7 strategies for dealing with judgmental colleagues
Did you cross paths today with someone who, like a vampire, sucked the good mood out of your workday? A supervisor, co-worker or employee who let you know she’s judged you and finds you lacking?
We all know judgmental critics who twist the knife into our self-esteem. If you’d like to avoid the unhappy riptide these energy vampires create, try these seven strategies.
1. Accept what’s true and leave the rest
Have you made mistakes or stepped on a landmine obvious only in hindsight? Of course you have, because how can you stretch your boundaries without occasional gaffes?
Unfortunately, when you work with judgers they focus on every misstep you make until you feel bad, not good, despite the progress you’re making and the success you’re having.
When someone judges you, consider what they’ve noticed and said, and admit your errors to yourself and them. Self-acceptance, not cover-up, powers growth. Recently facing a business challenge new to me, I tried hard to make a singularly important “right” decision based on the evidence in front of me. Instead, I made the wrong call. Within the day, I admitted my blunder, freeing myself to move forward. The moment you learn from your errors, you move beyond the person whom others judge and become a new, improved model.
2. Don’t collude
You free yourself from the spider web that hypercritical people spin when you don’t take it personally. Those who judge you and others often aim for the low blow, hitting you where it most hurts. Stop giving others’ disapproval so much weight. When you take others’ negativity to heart and won’t let it go, you collude with your critics, turning a negative riptide into a tidal wave.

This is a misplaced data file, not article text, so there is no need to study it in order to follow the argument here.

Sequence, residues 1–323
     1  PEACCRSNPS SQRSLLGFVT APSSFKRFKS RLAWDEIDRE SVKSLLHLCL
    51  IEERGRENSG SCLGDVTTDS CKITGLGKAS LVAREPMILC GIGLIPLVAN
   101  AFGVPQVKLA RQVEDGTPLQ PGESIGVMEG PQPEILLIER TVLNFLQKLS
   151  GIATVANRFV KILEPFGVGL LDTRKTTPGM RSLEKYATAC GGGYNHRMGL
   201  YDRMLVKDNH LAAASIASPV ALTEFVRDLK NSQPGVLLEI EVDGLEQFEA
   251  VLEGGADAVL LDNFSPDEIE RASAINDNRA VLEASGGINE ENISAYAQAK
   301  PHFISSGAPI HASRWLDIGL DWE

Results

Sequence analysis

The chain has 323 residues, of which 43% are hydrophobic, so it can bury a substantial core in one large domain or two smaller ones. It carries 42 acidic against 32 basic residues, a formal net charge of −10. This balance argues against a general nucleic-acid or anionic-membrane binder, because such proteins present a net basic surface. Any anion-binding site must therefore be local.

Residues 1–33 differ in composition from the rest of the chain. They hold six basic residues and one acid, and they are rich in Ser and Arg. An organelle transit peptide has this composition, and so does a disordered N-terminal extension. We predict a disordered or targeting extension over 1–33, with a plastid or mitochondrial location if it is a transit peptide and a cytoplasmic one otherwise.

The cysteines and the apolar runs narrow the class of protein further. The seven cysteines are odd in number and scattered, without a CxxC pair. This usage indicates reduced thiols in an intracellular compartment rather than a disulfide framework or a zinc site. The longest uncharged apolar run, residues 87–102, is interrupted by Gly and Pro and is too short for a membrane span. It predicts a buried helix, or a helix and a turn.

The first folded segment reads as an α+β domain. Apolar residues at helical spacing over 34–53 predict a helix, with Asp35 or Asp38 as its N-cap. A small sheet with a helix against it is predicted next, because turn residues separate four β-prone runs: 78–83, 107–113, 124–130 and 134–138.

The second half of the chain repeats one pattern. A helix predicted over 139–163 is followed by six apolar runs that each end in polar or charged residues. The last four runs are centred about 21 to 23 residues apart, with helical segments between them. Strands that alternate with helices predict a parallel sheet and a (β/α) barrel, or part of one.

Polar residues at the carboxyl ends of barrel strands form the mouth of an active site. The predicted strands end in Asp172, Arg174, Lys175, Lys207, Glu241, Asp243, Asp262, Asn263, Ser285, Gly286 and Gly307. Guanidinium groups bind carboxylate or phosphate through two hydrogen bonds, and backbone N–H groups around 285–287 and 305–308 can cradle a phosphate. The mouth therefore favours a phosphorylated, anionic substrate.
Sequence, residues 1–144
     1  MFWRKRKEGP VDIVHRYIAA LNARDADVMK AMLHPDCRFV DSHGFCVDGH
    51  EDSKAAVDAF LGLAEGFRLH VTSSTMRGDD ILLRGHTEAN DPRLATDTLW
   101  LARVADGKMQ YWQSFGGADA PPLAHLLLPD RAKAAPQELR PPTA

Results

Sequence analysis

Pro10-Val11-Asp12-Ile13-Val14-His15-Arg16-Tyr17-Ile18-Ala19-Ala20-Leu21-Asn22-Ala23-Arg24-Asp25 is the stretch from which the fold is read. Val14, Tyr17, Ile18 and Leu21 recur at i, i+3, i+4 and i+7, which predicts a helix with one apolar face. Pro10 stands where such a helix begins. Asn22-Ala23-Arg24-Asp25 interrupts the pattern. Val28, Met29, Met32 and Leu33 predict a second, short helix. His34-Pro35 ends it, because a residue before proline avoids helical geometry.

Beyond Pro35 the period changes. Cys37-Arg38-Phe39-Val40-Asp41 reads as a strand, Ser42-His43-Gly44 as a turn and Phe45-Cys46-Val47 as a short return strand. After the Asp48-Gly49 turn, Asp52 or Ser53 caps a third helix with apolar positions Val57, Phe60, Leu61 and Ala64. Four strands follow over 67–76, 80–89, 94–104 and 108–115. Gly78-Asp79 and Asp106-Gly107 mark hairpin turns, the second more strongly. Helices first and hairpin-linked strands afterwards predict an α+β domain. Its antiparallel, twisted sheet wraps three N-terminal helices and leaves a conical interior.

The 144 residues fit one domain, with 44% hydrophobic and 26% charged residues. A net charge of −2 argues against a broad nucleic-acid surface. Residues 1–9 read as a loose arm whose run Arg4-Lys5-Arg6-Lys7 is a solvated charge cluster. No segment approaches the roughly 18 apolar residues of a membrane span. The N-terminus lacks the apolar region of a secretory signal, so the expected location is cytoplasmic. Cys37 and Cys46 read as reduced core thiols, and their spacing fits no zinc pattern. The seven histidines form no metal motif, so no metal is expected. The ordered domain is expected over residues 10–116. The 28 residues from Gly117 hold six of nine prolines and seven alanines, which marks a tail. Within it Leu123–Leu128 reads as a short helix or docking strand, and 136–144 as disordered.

3. Keep your distance
Have you ever been zapped by a judgmental person and thought: “I saw that coming but didn’t think it would happen to me”? Or “She gossips about everyone else, but I never believed she’d do it to me”? If you want your good mood and job satisfaction to last, keep your distance from those who enjoy putting others down — it’s just a matter of time before they slam you, too.
4. Don’t feed critics
If you don’t want to magnetize judgmental people to yourself, don’t reward them. When you observe someone who makes himself feel better by making others feel worse, don’t feed his venting behavior by listening. If you work with someone who assassinates others’ reputations, don’t give him information he can use against you.
5. Stay joyful
Hypercritical people can’t “rain on your parade” when the parade thrills you. What’s the No. 1 antidote to toxic judgmentalness? Joy. So, take a look at what’s going right. What do you appreciate about those you work with? How have you grown? What are you doing well? Don’t let others or their criticisms drag you into their black hole where you lose focus on what’s good and right.
6. Question your critics
Judgers excel at pushing you into tight corners by implying you’ve messed up so grievously you can’t recover. Turn their criticisms back to them by asking “What would you have me do?” Chances are, they won’t have an answer, because they know how to attack, but not how to support.
7. Put them on notice
If you learn a character assassin has spread rumors about you, call him out. You might say, “I’ve heard you’ve said _____; if I continue to hear falsehoods like that, you and I will both meet with our manager.” If a peer says to you, “Do you know what “X” is saying about you?” respond, “Let’s you and I go find X and have a three-way conversation.”
Do you work with individuals who scrutinize you, your actions and regularly act like you’ve made a big mess — one they’d never make? Don’t let them derail your job satisfaction.
© Dr. Lynne Curry is author of ”Beating the Workplace Bully” and ”Solutions” as well as owner of the management/HR consulting/training firm The Growth Company Inc. Follow her on Twitter @lynnecury10 or at www.bullywhisperer.com.